Peter T Treadway,  PhD
Historical Analytics LLC
305 761 4718
July 14, 2011


“The right of suffrage is a fundamental Article in Republican Constitutions. The regulation of it is, at the same time, a task of peculiar delicacy. Allow the right exclusively to property, and the rights of persons may be oppressed… Extend it equally to all, and the rights of property or the claims of justice may be overruled by a majority without property, or interested in measures of injustice…

In a just & a free, Government, therefore, the rights both of property & of persons ought to be effectually guarded. Will the former be so in case of a universal & equal suffrage? Will the latter be so in case of a suffrage confined to the holders of property?”

James Madison, 1787

“In democracies the main alternative to majority rule is not dictatorship, but markets.”

“What happens if fully rational politicians compete for the support of irrational voters—specifically, voters with irrational beliefs about the effects of various policies? It is a recipe for mendacity.”

Both quotes from Bryan Caplan, The Myth of the Rational Voter

Urgent Bulletin – What Are the US Lawmakers Using for Brains?

The Sovereign Debt Crisis has come to Europe. Decades of populism and state intervention are finally catching up with the weaker European economies. The Europeans have a real crisis on their hands.

The US on the other hand with its debt ceiling impasse in Washington has a make-believe crisis. The markets are not demanding – not yet anyway – that the US mend its evil fiscal and monetary ways. Right now, US Treasury bonds – with the ten year yielding under three percent – are a place of refuge.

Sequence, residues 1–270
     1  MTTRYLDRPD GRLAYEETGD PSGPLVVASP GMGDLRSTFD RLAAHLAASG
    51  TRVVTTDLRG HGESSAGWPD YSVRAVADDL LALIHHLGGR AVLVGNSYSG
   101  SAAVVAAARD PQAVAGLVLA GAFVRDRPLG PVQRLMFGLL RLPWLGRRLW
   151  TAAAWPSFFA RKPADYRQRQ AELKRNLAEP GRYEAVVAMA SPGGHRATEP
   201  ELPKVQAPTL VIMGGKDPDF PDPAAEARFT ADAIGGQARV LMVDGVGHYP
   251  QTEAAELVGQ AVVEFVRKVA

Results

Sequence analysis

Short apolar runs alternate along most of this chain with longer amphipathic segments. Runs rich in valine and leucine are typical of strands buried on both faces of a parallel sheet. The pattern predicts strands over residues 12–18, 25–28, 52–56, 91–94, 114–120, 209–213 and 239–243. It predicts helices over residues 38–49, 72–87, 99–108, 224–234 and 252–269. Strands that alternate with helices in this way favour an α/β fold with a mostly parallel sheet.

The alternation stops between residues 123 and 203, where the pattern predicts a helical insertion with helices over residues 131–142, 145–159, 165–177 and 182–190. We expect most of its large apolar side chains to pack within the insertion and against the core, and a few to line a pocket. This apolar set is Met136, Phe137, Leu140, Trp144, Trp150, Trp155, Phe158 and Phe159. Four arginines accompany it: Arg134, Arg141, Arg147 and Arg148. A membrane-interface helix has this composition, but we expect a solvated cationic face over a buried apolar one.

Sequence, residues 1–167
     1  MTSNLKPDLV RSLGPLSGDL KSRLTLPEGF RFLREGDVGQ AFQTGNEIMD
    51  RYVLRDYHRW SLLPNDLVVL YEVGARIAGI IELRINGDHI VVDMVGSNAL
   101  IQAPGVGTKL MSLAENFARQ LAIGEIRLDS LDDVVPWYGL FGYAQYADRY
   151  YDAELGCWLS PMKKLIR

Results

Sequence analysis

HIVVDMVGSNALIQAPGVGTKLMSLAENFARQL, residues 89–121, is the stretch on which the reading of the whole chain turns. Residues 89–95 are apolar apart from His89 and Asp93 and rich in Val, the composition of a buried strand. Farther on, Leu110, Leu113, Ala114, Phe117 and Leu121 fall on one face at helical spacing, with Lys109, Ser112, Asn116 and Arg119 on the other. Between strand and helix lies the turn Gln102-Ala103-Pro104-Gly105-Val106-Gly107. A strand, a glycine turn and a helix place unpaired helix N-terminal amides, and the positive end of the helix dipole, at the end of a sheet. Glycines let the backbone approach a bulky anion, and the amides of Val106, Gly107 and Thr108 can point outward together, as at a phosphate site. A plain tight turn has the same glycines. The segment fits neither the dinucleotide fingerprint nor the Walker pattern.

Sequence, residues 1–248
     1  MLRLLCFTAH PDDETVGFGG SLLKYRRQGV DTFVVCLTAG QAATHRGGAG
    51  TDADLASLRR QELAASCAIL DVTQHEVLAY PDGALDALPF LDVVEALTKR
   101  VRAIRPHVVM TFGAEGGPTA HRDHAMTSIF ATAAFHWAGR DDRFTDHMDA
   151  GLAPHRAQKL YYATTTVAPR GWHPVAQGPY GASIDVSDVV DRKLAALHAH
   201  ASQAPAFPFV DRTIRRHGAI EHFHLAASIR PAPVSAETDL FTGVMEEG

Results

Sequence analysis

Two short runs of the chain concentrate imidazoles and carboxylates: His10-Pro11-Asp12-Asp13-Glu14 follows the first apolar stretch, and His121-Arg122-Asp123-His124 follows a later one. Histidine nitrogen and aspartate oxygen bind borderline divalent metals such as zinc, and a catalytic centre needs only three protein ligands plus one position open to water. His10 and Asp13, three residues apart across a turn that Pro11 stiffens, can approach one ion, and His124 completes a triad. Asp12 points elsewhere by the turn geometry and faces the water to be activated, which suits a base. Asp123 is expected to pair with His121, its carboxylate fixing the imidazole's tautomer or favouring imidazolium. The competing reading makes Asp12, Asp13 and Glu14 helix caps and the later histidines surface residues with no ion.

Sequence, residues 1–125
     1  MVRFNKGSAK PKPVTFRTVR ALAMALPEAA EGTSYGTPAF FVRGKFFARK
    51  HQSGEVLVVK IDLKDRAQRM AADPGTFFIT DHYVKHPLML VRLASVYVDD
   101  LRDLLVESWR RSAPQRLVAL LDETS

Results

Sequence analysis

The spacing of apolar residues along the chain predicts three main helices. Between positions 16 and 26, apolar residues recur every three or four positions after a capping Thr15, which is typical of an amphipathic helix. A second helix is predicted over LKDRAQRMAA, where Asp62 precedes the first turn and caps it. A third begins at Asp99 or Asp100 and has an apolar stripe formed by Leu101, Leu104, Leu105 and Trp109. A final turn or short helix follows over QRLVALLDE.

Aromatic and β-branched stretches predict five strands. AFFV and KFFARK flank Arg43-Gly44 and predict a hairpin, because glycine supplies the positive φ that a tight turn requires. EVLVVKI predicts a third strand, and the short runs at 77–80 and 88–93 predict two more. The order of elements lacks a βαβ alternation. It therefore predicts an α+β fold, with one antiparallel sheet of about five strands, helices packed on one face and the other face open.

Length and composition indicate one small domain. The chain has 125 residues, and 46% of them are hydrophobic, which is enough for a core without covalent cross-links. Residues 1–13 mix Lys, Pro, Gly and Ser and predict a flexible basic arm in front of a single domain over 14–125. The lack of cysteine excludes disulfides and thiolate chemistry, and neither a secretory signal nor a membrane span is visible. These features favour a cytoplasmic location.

So why the threat of self-induced default? It’s the wrong way to go about this since the fiscal conservative, tea-party gang doesn’t have the votes to achieve fundamental reform and the public will abandon them at the first sign of any serious government disruption. They will ensure the reelection of their opponents. The world doesn’t need this artificially induced US crisis. Why the rush? Sooner or later the real Sovereign Debt Crisis will come to the US. The Potomac solons will get their chance then. Why should the US shoot itself in the foot now when sooner or later the markets will do it anyway?

Broad Historical Trends Unfold So Slowly – But They Are Unstoppable

Now to the main topic. In my opinion, representative democracies contain within themselves a fundamental populist urge that glacially though inexorably propels these democracies to governmental default. There are two alternative approaches to the economy that democracies face, viz., leave economic decisions to the markets or have them be guided and   controlled by the state. Citizens of representative democracies have perceived two options to improve their standard of living: 1) hard work, self-improvement and maybe luck within the market system or 2) voting for representatives that will allocate benefits (entitlements) to them.

Since the end of the nineteenth century the statist, populist urges have become more irresistible.  Option 2 and state control, redistribution and socialization of risk, has been the road increasingly taken by Western democracies (including Japan). Economists of the free market bent have repeatedly argued that all citizens in the long run will come out ahead if the market rather than the state solution is followed. But –excepting the Reagan/Thatcher interlude — their voices have been ignored. In the US, even the Republican Party, while it dutifully preaches the virtues of markets, has generally when in power expanded the government, redistribution and socialization of risk. As officials facing reelection, Republicans could not ignore the deep-seated populist urges of their electorates.

Moreover, if authors like Bryan Caplan are to be believed, voters instinctively mistrust markets and are not rational on the subject of economics. Voters, according to Caplan, are xenophobic, unduly pessimistic and distrust foreigners, free trade and globalization—the latter being essential ingredients in an efficient twenty first century market economy.